CD1d-restricted NKT cells are key players in host defense against various microbial infections. Using a murine model of fatal ehrlichiosis, we investigated the role of CD1d-restricted NKT cells in induction of toxic shock-like syndrome caused by gram-negative, lipopolysaccharide-lacking, monocytotropic Ehrlichia. Our previous studies showed that intraperitoneal infection of wild-type (WT) mice with virulent Ehrlichia (Ixodes ovatus Ehrlichia [IOE]) results in CD8+ T-cell-mediated fatal toxic shock-like syndrome marked by apoptosis of CD4+ T cells, a weak CD4+ Th1 response, overproduction of tumor necrosis factor alpha and interleukin-10, and severe liver injury. Although CD1d-/- mice succumbed to high-dose IOE infection similar to WT mice, they did not develop signs of toxic shock, as shown by elevated bacterial burdens, low serum levels of tumor necrosis factor, normal serum levels of liver enzymes, and the presence of few apoptotic hepatic cells. An absence of NKT cells restored the percentages and absolute numbers of CD4+ and CD8+ T cells and CD11b+ cells in the spleen compared to WT mice and was also associated with decreased expression of Fas on splenic CD4+ lymphocytes and granzyme B in hepatic CD8+ lymphocytes. Furthermore, our data show that NKT cells promote apoptosis of macrophages and up-regulation of the costimulatory molecule CD40 on antigen-presenting cells, including dendritic cells, B cells, and macrophages, which may contribute to the induction of pathogenic T-cell responses. In conclusion, our data suggest that NKT cells mediate Ehrlichia-induced T-cell-mediated toxic shock-like syndrome, most likely via cognate and noncognate interactions with antigen-presenting cells.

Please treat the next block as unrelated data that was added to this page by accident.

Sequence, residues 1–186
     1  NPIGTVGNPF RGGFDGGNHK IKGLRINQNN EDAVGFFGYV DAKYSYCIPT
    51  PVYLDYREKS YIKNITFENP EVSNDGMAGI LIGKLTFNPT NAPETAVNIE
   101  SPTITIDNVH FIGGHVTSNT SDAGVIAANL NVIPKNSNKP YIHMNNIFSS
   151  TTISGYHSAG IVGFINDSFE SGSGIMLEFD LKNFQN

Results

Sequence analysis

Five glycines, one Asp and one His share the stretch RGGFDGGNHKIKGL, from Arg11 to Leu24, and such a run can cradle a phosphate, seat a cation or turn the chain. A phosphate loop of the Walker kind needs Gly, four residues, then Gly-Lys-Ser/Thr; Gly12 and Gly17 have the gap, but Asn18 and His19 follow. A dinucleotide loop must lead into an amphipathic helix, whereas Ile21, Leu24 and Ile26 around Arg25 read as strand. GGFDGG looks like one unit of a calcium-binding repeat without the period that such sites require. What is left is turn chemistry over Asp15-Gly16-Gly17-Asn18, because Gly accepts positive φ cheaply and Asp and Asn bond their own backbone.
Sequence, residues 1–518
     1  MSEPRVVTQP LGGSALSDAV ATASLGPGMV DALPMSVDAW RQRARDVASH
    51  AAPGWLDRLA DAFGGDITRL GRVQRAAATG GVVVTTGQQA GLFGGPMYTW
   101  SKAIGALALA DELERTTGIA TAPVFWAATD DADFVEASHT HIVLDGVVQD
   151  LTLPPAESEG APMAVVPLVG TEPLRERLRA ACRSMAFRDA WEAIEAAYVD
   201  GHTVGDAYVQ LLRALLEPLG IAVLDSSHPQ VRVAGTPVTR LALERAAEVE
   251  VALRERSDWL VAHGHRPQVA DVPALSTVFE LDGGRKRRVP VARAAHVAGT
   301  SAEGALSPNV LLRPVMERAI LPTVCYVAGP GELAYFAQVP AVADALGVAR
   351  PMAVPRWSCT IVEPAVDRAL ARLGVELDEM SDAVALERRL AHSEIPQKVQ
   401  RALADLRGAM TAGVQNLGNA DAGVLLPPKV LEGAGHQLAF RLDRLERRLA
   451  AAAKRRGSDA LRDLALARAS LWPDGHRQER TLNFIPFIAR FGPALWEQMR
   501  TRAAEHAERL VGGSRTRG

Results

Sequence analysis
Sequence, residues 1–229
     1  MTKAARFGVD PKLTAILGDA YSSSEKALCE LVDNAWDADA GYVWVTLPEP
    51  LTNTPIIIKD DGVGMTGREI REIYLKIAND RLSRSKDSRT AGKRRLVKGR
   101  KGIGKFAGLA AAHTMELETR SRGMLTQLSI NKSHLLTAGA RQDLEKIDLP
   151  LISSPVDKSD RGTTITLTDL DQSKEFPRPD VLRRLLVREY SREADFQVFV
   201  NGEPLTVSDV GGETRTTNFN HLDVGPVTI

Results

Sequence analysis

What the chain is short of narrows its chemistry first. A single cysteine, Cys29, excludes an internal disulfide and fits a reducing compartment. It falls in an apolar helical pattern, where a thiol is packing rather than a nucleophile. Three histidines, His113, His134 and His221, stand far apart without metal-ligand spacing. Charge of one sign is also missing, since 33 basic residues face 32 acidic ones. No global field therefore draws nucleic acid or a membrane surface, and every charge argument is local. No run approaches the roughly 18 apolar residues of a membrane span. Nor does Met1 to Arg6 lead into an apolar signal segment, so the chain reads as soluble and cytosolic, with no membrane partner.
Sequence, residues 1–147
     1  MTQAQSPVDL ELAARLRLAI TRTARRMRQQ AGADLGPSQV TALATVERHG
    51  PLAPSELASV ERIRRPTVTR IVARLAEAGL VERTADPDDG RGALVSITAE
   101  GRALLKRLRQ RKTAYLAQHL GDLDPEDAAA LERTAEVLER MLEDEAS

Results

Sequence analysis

ASJC Scopus subject areas
- Infectious Diseases